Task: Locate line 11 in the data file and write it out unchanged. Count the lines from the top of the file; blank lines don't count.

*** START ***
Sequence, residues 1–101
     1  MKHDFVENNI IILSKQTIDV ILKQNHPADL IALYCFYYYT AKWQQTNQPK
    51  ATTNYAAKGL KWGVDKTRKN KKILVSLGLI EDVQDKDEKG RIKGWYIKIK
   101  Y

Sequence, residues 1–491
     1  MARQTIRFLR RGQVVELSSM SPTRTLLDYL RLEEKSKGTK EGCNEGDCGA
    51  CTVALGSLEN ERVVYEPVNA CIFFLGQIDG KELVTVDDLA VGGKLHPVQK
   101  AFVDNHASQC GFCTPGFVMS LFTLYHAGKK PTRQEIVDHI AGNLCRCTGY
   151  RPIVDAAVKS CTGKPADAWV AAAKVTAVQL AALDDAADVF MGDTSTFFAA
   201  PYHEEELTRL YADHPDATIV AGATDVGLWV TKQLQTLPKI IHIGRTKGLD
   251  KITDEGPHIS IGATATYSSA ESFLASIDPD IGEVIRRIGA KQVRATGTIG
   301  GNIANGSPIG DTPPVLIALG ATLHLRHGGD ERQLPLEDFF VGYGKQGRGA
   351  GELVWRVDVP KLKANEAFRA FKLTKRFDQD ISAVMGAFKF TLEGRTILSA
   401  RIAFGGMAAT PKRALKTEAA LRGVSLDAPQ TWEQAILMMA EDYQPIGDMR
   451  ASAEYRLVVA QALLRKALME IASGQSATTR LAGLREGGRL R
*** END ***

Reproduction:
   251  KITDEGPHIS IGATATYSSA ESFLASIDPD IGEVIRRIGA KQVRATGTIG